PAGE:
Illustrated FURNITURE Glossary ..................... Federal style

Thomas Sheraton
1751-1806

Table of Contents:

Bio
English designer of furniture and author. He may have been apprenticed to a cabinetmaker, and as an earnest Baptist he wrote religious books and preached. Records show that he was in London from c.1790 and supplemented the meager earnings from his books by giving drawing lessons.

His designs became influential through his manuals. Starting in 1791 he published in four volumes The Cabinet Maker's and Upholsterer's Drawing Book. At least six hundred cabinet makers and joiners subscribed to his to his book and it was immediately widely influential over a large part of the country.

During this period he did not have a workshop of his own and it is believed that Sheraton himself never made any of the pieces shown in his books. No pieces of furniture have ever been traced to him directly. So a piece of furniture described as being "by Sheraton" refers to the design and not to the maker of the piece.

In 1803 he published The Cabinet Dictionary, a compendium of instructions on the techniques of cabinet and chair making.

Then a year before his death, in 1805 he published the first volume of Cabinet Maker, Upholsterer and General Artist's Encyclo
paedia.


Furniture designs:
"The eighteenth century included the five great styles of English furniture, that is, the Queen Anne, the Chippendale, the Adam, the Hepplewhite and the Sheraton. It is for this reason termed the "Golden Age" of English cabinet making." - Edgar G. Miller, Jr., American Antique Furniture, 1937, Vol. 1, p. 35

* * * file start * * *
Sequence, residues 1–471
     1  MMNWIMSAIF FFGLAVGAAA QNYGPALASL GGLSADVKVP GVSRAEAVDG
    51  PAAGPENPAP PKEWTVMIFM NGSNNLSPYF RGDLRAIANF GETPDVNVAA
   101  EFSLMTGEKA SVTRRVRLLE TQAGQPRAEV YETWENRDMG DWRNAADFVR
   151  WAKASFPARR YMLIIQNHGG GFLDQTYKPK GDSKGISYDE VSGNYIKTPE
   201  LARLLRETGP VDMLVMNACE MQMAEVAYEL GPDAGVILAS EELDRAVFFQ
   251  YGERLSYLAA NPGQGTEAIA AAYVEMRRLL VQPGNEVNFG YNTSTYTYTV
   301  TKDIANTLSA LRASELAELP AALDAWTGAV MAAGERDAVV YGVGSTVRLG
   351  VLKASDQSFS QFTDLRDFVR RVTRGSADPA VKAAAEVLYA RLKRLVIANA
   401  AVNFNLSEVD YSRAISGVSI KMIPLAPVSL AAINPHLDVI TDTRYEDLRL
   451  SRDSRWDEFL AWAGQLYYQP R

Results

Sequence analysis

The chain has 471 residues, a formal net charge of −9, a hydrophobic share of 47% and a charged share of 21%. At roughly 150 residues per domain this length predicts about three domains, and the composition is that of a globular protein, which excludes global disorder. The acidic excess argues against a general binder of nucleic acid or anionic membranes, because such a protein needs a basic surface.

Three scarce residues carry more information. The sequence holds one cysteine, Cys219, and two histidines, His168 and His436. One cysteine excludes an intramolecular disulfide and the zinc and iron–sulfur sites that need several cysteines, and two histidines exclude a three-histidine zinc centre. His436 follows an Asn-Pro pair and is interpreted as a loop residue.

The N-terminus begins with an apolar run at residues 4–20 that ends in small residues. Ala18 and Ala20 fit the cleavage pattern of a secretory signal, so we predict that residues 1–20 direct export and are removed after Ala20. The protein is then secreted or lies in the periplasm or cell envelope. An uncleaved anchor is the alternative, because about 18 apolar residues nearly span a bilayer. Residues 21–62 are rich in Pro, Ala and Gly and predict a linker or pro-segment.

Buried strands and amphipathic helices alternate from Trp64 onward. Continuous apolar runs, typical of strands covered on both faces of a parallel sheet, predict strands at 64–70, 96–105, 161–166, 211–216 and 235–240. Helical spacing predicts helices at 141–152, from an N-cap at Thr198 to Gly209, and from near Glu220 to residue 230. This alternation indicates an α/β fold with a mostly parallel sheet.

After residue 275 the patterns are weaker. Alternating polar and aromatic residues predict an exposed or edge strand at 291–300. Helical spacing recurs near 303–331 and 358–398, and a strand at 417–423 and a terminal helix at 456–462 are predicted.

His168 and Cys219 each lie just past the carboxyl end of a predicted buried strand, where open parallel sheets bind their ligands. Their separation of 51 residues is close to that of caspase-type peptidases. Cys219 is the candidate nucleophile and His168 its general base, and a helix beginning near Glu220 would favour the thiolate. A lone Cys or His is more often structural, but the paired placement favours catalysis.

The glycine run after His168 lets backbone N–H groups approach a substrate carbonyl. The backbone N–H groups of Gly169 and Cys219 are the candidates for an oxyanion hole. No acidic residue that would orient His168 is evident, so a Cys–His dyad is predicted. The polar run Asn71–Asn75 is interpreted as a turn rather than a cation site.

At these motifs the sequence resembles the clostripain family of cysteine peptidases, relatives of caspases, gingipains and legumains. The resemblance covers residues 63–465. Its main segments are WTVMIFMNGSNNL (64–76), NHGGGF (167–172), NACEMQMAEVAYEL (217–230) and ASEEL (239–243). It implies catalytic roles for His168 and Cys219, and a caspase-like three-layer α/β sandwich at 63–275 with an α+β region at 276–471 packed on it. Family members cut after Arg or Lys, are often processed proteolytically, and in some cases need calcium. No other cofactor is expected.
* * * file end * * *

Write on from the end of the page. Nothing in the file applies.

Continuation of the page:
Sheraton, like George Hepplewhite, followed the styles of the Adamses but leaned more toward the Louis XVI and later French sources. In America, the designs of the three designers are known as Federal.

His earlier pieces, in spite of their excessive slenderness, were soundly constructed, and have outlasted many heavier articles of similar type.

Sheraton's style is marked by a graceful delicacy and simplicity, emphasis on straight, vertical lines, and a preference for inlay decoration, reeded legs, and classical motifs.

Satinwood was his favorite material, with mahogany for chairs, and for veneering. Carving was rarely used -- chiefly smaller Adam forms, such as rosettes, urns, sunbursts and vases. Ivory and brass key plates and metal drawer pulls were of the utmost simplicity.

In inlay, he has never been surpassed, using kingwood, zebrawood, tulip, rosewood, and holly as his chief materials, often divided by narrow lines of ebony.

Upholstery: His upholstery differed from Hepplewhite's, in that he revealed the frame, instead of entirely concealing it.

Chairbacks: His chairbacks were plain, lyred, or turned, the top line straight or slightly broken.

Legs: Slender fluted legs, round or square, tapered down to natural or spade feet.

Chair arms: Straight, or continuously curved from back to front.

Caning marked many of his pieces.

Sideboards: Instead of the serpentine front of Hepplewhite's sideboards, Sheraton preferred a complete convex or a single swelling, set between square ends. He often used the brass railing at the back ("gallery") introduced by the Adam brothers, and concealed in the interior all sorts of small drawers, shelves and boxes.

Other furniture: Countless kidney-shaped desks and tables, card tables, sectional bookcases, and wardrobes complete the distinctive Sheraton contributions.


Examples from Buffalo:

Other examples:



Photos and their arrangement © 2005 Chuck LaChiusa
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